"Before my heart attack, I pushed myself hard for overtime. After, I had to quit trucking, period," he explains. Today working for the same company as a salesman (at lower pay), Stonlower maintains a low-fat diet and exercises regularly—but heart disease will always be a factor in his life.
In our evolutionary past, "a sense of invulnerability had great value in meeting challenges," Wilson notes. "The early mariners were risk takers, and some of it really paid off. Striking out into the world against all odds has always been a very 'guy' thing." To prevail, such men adopted a set of classic "male" traits: confidence, strength, toughness, independence, stoicism, fearlessness. But today, faced with fewer physical dangers, these same qualities can pose a risk to their health.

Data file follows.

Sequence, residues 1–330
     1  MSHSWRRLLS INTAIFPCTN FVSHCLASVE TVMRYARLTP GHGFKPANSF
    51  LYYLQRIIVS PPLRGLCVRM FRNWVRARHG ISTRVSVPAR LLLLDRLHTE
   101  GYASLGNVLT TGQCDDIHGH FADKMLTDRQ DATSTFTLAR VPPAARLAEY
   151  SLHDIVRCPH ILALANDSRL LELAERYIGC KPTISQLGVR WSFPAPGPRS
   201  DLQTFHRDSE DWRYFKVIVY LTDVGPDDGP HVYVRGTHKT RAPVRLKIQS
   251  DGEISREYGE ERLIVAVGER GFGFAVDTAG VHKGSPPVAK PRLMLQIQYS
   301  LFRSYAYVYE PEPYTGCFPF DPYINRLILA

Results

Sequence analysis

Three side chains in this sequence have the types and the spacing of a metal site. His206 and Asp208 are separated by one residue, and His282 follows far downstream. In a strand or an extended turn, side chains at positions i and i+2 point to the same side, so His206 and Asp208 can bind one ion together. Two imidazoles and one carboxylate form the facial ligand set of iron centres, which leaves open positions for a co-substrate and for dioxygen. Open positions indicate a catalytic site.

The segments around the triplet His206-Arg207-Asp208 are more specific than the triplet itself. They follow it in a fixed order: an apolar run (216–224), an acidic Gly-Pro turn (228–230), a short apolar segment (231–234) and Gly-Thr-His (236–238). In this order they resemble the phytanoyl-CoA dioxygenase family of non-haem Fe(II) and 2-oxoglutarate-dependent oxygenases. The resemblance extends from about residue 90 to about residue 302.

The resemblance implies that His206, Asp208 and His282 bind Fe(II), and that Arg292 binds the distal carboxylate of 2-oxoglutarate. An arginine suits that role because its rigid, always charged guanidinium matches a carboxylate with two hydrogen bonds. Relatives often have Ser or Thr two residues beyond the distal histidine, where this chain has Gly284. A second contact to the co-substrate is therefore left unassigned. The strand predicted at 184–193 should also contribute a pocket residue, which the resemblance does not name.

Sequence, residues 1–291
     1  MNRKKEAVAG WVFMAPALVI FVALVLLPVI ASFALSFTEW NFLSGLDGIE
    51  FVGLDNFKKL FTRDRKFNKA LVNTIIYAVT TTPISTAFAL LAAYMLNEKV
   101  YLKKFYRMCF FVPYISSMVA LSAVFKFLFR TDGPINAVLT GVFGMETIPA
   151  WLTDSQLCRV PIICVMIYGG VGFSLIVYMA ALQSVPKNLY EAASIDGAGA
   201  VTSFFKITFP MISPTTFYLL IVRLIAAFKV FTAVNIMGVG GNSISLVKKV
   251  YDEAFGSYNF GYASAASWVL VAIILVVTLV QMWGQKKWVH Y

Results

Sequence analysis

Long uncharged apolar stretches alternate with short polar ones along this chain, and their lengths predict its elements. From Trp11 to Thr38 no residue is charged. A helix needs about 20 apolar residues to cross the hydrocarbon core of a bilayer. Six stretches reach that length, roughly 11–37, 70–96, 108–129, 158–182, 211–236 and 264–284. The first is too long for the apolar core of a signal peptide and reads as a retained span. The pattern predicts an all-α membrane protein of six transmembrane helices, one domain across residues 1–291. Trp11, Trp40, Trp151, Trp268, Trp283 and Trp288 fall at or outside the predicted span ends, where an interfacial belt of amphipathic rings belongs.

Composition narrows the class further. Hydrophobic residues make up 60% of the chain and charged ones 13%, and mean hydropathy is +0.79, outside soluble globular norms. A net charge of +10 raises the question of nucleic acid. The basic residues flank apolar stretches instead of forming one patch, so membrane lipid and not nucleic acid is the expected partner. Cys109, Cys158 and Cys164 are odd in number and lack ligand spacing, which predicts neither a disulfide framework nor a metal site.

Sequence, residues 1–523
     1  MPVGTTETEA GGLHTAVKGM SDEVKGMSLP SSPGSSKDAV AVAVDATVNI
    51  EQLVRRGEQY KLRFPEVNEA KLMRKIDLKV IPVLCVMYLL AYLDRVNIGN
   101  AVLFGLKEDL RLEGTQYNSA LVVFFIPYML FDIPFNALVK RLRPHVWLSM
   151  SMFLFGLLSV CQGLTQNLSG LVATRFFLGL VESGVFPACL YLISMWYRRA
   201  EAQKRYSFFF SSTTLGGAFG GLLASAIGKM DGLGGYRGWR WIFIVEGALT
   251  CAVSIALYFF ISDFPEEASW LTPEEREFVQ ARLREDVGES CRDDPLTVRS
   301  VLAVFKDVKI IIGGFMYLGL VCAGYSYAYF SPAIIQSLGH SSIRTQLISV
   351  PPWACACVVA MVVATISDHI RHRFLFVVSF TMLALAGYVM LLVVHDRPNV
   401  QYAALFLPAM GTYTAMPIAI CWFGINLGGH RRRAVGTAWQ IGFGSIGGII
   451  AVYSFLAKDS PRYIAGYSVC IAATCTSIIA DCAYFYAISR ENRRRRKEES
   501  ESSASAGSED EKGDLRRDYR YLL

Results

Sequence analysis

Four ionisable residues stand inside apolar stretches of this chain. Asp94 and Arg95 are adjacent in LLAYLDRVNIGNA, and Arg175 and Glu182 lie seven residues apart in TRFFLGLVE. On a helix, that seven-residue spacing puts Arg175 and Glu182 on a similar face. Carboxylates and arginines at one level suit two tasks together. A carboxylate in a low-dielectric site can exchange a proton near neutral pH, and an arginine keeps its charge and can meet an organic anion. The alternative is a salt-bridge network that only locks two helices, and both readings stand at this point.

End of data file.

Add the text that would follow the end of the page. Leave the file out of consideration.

To alter the pattern, we must break through men's emotional barriers. The strategy endorsed by Matthew Mintz of George Washington University is a national media blitz. Venues like the Superbowl, he suggests, would be perfect for promoting healthy male lifestyles: good nutrition, regular exercise, weight control, smoking cessation and, especially, regular physician checkups. Men should be coming in at least for a couple of blood pressure and cholesterol tests in their 20s, Mintz says, with additional tests like the PSA and colonoscopy being introduced in their 40s and 50s. "I guarantee that if there was a regular health segment on SportsCenter , men would become more interested in their health," he insists.